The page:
Rib Discoloration in F2 Populations of Crisphead Lettuce in Relation to Head Maturity.

Jenni, S., De Koeyer, D.L., and Emery, G.C. (2008). "Rib Discoloration in F2 Populations of Crisphead Lettuce in Relation to Head Maturity.", Journal of the American Society for Horticultural Science, 133(2), pp. 249-254.

Abstract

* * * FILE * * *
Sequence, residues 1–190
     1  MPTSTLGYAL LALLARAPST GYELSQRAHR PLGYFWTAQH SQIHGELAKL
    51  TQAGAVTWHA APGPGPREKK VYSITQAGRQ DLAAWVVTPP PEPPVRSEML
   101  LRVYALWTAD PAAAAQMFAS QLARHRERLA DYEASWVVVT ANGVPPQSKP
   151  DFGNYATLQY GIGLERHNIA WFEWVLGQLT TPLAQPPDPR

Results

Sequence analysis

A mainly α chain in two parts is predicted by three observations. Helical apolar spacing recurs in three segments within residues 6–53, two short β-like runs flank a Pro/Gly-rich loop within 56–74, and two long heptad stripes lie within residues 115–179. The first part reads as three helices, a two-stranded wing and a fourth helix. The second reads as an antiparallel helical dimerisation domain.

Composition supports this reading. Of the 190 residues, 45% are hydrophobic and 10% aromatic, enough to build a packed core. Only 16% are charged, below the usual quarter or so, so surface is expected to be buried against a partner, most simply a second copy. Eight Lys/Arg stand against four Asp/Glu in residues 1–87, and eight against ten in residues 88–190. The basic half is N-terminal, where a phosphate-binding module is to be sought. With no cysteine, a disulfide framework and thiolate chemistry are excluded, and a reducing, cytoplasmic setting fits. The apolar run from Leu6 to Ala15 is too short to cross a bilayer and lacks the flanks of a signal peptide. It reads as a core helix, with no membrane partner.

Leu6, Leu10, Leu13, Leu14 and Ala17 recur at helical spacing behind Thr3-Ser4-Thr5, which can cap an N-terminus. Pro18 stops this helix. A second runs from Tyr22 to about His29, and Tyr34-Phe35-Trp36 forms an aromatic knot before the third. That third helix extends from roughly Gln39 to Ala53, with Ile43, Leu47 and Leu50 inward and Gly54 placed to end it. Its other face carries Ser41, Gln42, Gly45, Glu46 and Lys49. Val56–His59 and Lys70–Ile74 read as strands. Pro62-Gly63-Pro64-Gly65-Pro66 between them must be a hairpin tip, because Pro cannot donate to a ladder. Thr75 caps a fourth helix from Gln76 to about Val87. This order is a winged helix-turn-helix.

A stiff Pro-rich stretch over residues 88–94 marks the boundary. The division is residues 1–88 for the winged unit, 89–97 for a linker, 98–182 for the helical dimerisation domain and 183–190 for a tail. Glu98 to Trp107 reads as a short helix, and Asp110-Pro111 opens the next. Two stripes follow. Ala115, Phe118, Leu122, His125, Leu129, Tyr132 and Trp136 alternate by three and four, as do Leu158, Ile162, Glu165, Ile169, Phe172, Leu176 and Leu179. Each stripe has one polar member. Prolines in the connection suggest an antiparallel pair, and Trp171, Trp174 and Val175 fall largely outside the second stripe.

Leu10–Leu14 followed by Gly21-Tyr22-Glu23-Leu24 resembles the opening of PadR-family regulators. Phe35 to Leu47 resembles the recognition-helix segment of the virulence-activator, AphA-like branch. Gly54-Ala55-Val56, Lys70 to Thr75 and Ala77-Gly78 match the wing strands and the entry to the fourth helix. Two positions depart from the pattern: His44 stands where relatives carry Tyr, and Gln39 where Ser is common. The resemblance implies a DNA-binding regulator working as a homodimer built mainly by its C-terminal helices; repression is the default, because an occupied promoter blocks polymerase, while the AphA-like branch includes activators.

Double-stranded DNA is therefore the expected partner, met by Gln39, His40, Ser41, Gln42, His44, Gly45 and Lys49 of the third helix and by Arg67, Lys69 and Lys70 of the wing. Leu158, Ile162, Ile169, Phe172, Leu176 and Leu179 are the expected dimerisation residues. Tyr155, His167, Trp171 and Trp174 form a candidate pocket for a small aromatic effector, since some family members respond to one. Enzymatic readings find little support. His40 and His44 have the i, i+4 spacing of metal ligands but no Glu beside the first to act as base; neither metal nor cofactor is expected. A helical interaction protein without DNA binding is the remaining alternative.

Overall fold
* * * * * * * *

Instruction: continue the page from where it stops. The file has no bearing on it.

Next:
Rib discoloration is a physiological disorder associated with heat stress in crisphead lettuce (Lactuca sativa L.). Rib discoloration resistance was studied in a 2-year field experiment using parental and F2 plant populations from a cross of ‘Emperor’, a resistant cultivar, and ‘Eldorado’, a susceptible cultivar. Rib discoloration was evaluated in terms of incidence (percentage of plants with symptoms) and severity (on a 1-5 scale) and was correlated with maturity traits. The rib discoloration severity ratings for the two reciprocal F2 populations were intermediate between the two parents and were not significantly different, indicating the lack of cytoplasmic inheritance for rib discoloration in ‘Emperor’ and ‘Eldorado’. In both parents and F2 progenies, rib discoloration severity was strongly correlated with stem length, head height, head diameter, and head weight, but not with head density. In the resistant parent, more severe rib discoloration was associated with denser heads, whereas in the susceptible parent, the expression of the disorder was independent of head density. The chi-square tests rejected the hypothesis for monogenic segregation in some plantings but not in others. Resistance to rib discoloration is likely to be controlled by more than one gene with a high heritability (h2 = 0.57, P < 0.0001).